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Pharmacological-assisted Psychotherapy for Post-Traumatic Stress Disorder: a systematic review and meta-analysis

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Abstract

Background: Pharmacological-assisted psychotherapies, using conventional and novel drug agents, are increasingly being used both in clinical and experimental research settings, respectively. Objective: To determine the efficacy of conventional and novel pharmacological-assisted psychotherapies in reducing PTSD symptom severity. Method: A systematic review and meta-analysis of randomised-controlled trials were undertaken; 21 studies were included. Results: MDMA-assisted therapy was found to statistically superior to active and inactive placebo-assisted therapy in reduction of PTSD symptoms (standardised mean difference -1.09, 95% CI -1.60 to -0.58). There was no evidence of superiority over placebo for any other intervention. Conclusions: MDMA-assisted therapy demonstrated an impressive effect size; however, it is difficult to have confidence at this stage in this intervention due to the small numbers of participants included, and more research in this area is needed. There was no evidence to support the efficacy of any other drug-assisted interventions.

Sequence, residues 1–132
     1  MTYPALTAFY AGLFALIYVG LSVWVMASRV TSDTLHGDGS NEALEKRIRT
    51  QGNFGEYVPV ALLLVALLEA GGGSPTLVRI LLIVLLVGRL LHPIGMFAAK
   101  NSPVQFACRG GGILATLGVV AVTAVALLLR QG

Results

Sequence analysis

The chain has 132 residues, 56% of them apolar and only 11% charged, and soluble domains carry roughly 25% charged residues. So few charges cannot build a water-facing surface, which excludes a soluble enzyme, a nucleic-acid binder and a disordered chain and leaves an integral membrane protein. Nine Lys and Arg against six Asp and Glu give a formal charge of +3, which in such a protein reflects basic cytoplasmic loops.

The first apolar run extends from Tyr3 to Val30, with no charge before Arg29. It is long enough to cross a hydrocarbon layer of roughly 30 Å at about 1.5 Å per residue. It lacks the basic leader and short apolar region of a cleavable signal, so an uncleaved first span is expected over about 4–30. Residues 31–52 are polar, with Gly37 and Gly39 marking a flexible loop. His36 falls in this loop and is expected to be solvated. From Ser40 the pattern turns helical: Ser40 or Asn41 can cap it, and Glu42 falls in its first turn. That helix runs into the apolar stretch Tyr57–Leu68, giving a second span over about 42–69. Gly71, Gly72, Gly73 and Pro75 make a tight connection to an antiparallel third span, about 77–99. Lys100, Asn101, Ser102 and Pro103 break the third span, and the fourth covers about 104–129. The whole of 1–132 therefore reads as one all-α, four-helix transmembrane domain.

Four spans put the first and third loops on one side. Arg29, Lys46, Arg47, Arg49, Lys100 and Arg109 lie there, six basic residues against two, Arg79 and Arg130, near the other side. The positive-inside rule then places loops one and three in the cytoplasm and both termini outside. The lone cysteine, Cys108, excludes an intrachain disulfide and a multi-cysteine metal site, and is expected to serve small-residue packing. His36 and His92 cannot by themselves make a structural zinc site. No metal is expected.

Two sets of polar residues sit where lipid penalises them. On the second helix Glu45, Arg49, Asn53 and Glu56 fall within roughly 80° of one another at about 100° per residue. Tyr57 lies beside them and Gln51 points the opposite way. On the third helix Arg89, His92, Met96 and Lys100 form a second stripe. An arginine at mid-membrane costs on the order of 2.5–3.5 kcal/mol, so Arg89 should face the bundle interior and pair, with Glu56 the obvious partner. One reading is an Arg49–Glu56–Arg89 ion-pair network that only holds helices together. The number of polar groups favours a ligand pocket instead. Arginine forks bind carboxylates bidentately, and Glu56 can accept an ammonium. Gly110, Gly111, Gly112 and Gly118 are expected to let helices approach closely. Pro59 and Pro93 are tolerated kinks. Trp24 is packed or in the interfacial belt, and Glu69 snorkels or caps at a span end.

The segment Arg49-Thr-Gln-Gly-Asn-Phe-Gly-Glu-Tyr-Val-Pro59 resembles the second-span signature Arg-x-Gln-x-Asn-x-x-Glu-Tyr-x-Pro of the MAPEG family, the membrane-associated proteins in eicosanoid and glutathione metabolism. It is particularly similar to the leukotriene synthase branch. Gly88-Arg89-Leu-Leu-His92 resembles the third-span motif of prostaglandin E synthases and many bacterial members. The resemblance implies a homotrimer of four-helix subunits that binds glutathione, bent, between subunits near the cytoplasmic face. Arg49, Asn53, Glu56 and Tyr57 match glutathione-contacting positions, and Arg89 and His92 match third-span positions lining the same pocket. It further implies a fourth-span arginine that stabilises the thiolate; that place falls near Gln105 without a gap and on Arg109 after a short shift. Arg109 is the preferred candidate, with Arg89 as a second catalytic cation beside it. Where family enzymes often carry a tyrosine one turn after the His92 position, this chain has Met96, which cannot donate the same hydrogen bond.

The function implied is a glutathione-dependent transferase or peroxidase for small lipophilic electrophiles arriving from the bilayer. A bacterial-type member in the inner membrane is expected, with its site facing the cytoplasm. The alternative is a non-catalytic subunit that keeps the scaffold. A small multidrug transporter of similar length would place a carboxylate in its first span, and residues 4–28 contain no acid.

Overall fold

Hoskins, M. D., Sinnerton, R., Nakamura, A., Underwood, J., Slater, A., Lewis, C., Roberts, N. P., Bisson, J. I., Lee, M., & Clarke, L. (2021). Pharmacological-assisted Psychotherapy for Post-Traumatic Stress Disorder: a systematic review and meta-analysis. European journal of psychotraumatology, 12(1), 1853379. https://doi.org/10.1080/20008198.2020.1853379

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